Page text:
“Hibernating” Family Law Property Settlement Proceedings during COVID-19
Article By: Enis Goktepe, Partner Cappello Rowe Lawyers Sydney
Governments and economies are currently struggling to get to grips in dealing with the COVID-19 pandemic, we have all seen varying commentary regarding the economic impacts of the pandemic, some say it is a recession, others say it is a great recession, while other say it is merely short term.
This is further muddled by the fast paced changes to the political landscape and in Australia we are now preparing for business “Hibernation”…..
Only one thing is clear, the future is uncertain.
People who are currently separating are generally already stressed and want to reach swift settlement. However, in some circumstances it may be in a party’s interest to hit pause and “hibernate” their property proceedings that are on foot.
Under the Family Law Act, specifically section 79(5) for married parties or section 90SM(5) for de-facto parties, the Court has the power to adjourn matters for a period of time at a parties request if it is of the opinion:
(a) There is likely to be a significant change in the financial circumstances of the parties (or any of them), and that having regard to the time when the change is likely to take place, it is reasonable to adjourn the proceedings; and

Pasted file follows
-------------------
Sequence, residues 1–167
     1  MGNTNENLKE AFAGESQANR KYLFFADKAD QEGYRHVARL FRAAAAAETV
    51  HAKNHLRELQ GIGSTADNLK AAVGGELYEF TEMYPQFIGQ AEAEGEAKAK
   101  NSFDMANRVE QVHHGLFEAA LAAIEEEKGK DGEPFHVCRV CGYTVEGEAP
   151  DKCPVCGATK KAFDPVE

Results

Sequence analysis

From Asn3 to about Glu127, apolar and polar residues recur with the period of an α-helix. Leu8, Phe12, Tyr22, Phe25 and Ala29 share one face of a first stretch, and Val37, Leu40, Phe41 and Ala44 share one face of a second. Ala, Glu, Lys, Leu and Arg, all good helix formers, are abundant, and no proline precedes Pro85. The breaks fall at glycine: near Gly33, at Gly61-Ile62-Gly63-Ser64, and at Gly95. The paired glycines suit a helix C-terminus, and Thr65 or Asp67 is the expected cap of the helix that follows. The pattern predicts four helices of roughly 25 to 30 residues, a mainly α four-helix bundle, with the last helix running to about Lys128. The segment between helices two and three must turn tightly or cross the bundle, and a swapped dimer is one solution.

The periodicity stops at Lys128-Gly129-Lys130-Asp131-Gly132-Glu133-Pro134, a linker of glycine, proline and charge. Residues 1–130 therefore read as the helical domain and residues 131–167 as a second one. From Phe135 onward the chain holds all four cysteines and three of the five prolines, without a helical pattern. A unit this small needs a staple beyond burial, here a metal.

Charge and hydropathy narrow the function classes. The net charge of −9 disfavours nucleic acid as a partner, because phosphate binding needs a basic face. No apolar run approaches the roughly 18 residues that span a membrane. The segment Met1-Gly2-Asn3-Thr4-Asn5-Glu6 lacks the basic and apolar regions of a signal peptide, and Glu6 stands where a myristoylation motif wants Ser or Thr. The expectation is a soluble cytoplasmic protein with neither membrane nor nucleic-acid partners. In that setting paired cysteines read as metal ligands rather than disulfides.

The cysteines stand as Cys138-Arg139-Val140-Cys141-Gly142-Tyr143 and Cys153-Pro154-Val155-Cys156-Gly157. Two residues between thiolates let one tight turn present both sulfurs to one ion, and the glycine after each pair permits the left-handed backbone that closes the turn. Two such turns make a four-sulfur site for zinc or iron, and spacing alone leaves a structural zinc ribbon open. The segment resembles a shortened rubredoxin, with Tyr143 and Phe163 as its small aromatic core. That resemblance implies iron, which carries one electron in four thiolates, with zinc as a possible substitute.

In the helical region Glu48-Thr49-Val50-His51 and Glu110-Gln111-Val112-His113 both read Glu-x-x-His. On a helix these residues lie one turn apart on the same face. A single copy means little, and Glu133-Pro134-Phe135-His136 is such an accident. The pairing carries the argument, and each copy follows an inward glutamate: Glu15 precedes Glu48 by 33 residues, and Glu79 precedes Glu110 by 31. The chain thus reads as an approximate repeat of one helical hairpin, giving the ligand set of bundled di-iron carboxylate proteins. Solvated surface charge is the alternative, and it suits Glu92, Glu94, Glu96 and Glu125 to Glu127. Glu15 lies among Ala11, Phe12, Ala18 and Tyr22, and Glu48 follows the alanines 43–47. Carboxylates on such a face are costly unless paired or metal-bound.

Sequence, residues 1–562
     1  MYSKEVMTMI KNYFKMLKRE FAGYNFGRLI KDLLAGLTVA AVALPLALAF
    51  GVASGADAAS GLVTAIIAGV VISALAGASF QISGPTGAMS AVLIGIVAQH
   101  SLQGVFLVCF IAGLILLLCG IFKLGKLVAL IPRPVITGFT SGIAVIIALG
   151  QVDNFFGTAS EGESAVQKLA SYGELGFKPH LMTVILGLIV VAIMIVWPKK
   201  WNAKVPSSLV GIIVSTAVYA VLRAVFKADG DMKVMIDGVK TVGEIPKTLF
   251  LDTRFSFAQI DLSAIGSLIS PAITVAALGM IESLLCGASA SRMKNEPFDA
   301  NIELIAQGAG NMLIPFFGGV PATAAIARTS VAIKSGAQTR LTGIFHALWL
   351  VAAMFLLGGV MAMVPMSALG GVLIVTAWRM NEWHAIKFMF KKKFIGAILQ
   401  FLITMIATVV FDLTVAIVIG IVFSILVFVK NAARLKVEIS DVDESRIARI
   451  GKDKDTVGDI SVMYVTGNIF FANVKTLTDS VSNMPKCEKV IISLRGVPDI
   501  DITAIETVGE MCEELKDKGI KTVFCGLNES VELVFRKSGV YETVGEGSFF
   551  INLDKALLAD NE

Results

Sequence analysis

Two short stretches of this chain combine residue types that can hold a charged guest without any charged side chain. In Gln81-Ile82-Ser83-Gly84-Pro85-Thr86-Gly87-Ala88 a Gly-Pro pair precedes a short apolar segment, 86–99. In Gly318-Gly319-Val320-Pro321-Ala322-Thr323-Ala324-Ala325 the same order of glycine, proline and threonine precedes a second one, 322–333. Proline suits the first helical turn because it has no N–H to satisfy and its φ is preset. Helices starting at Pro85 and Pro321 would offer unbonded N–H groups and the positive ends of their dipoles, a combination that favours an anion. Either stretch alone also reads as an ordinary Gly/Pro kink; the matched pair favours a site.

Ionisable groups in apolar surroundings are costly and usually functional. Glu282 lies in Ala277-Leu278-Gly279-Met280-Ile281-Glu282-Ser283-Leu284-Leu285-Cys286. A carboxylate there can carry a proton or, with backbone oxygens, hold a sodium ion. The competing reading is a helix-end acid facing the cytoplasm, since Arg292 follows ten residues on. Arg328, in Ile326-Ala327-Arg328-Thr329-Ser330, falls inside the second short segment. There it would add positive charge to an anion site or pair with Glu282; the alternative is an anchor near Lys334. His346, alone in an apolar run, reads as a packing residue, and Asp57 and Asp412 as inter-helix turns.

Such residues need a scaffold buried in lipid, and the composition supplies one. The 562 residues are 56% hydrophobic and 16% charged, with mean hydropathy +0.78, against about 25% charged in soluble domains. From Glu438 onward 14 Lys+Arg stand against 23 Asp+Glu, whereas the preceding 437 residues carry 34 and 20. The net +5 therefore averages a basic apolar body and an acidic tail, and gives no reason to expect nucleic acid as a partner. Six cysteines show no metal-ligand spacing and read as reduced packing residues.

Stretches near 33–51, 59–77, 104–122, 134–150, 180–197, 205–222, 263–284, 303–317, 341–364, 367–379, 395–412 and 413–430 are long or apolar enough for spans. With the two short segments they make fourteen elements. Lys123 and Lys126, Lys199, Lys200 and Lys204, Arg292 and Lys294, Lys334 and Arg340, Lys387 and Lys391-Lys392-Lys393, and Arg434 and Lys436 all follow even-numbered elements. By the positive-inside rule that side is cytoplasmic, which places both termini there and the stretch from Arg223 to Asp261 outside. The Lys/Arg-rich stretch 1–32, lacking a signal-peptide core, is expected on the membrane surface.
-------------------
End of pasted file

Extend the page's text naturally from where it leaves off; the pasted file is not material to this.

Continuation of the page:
(b) That an order the Court may make in relation to the property of the parties to the relationship, if that significant change in financial circumstances (referred to above) occurs, is more likely to do justice than if the Court were to make an immediate order.
Originally the above amendments to the Family Law Act were introduced in 1983 to overcome issues relating to superannuation entitlements and family trusts and the court developed a practice of adjourning proceedings until all assets fell into the possession of the party in the near future. The applicability of the adjournment however, is broad reaching and has previously been applied to await outcomes of concurrent proceedings in other courts, or in relation to business valuations.
The case of In the Marriage of Grace (1997) 22 FamLR 442 explored the requirements to enliven the power of adjournment, the Court held in order to enliven adjournment the following is required:
(a) A likely change in financial circumstances;
(b) A change that is significant;
(c) It is reasonable to adjourn the proceedings, in light of the change; and
(d) An order made if that change occurs is more likely to do justice and equity between the parties than an immediate order.
Given the uncertainty of the economic outlook in the near future and the impact the fast-moving political landscape is having on day-to-day business operations, it may be in a party’s best interests to hit pause and hibernate.
If you would like to have a confidential discussion with our Family Law team, please feel free to contact us on (02) 8325 1520 or (02) 6962 3433.